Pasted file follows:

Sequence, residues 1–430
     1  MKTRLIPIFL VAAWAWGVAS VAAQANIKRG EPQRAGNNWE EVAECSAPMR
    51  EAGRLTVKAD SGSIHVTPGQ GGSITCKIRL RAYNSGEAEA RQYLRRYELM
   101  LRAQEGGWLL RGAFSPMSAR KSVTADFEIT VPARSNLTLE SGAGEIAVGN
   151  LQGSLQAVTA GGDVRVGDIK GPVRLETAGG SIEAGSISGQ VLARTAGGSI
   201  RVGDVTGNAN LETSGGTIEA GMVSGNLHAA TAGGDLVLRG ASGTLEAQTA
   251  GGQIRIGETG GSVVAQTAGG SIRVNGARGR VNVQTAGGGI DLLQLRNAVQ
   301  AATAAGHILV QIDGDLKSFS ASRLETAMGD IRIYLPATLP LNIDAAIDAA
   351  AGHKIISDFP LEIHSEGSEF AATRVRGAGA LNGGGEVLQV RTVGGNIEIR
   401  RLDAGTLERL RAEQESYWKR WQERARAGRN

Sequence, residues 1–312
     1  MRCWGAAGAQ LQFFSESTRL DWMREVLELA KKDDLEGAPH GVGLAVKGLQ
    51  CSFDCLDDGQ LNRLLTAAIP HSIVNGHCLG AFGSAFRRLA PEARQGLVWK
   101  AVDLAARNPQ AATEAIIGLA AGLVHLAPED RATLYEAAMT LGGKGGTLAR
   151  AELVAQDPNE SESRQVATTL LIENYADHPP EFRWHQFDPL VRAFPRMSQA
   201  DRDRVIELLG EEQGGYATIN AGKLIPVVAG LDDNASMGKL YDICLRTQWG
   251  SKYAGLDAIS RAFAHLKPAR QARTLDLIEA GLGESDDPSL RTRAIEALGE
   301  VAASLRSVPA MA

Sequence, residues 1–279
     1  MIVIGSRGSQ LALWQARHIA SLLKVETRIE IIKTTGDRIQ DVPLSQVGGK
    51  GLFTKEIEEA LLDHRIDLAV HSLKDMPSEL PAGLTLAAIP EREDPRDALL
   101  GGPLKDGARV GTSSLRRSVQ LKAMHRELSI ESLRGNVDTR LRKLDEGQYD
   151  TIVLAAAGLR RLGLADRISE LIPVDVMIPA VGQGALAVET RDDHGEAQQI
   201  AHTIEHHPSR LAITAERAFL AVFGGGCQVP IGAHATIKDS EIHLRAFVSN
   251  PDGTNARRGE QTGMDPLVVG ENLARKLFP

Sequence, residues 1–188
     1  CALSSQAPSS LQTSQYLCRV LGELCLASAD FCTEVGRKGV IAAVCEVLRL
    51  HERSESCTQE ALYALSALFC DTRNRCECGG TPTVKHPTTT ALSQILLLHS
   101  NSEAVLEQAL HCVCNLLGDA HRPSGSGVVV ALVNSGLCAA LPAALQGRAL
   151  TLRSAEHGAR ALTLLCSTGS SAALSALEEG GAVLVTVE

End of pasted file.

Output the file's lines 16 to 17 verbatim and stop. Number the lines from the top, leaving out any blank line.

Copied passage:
   201  DRDRVIELLG EEQGGYATIN AGKLIPVVAG LDDNASMGKL YDICLRTQWG
   251  SKYAGLDAIS RAFAHLKPAR QARTLDLIEA GLGESDDPSL RTRAIEALGE